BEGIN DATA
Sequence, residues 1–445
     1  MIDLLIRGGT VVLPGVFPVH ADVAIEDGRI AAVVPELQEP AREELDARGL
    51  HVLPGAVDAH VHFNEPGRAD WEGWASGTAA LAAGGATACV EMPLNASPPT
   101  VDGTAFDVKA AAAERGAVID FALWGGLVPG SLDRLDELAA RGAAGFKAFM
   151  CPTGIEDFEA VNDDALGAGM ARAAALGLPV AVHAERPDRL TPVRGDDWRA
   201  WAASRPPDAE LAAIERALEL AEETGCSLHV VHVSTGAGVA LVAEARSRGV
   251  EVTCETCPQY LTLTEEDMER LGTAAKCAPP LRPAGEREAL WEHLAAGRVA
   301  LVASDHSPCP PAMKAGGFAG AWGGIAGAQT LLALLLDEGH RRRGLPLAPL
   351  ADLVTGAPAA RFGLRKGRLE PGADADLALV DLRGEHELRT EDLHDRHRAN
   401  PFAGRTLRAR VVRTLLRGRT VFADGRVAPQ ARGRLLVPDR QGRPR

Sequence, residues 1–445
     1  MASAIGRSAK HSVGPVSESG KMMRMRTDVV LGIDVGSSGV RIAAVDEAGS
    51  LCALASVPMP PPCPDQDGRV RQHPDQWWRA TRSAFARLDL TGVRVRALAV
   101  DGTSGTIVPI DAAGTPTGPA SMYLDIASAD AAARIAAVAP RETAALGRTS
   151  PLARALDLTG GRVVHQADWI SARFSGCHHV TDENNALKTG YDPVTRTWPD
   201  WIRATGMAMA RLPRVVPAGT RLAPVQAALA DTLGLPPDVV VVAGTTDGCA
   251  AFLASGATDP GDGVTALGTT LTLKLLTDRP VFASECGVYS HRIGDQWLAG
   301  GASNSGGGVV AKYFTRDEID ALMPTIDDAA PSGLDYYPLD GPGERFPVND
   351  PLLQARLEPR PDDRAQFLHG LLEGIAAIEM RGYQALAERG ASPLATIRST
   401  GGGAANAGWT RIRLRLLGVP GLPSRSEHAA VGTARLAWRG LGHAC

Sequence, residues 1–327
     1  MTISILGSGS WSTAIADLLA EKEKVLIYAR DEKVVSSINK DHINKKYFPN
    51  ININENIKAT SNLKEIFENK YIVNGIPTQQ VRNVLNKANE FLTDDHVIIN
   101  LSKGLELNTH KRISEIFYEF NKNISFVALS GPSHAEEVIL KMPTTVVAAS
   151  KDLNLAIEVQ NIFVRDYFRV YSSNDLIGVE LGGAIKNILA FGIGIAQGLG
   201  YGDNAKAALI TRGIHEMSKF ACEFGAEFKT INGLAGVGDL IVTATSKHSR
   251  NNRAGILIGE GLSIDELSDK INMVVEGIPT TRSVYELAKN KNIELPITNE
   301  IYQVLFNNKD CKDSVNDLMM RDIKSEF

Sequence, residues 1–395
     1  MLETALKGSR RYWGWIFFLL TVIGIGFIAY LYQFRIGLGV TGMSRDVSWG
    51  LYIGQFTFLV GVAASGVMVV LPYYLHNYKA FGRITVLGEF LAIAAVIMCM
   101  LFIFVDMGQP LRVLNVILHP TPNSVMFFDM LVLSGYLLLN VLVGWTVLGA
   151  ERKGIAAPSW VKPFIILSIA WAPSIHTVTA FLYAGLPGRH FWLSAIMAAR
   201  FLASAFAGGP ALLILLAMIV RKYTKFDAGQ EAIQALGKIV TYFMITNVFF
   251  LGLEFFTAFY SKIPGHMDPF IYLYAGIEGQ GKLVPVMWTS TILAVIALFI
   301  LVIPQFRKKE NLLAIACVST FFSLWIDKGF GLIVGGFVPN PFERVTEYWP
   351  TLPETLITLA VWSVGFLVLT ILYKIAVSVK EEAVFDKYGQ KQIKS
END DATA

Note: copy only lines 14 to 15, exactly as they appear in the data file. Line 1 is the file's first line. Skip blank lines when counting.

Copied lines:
   101  DGTSGTIVPI DAAGTPTGPA SMYLDIASAD AAARIAAVAP RETAALGRTS
   151  PLARALDLTG GRVVHQADWI SARFSGCHHV TDENNALKTG YDPVTRTWPD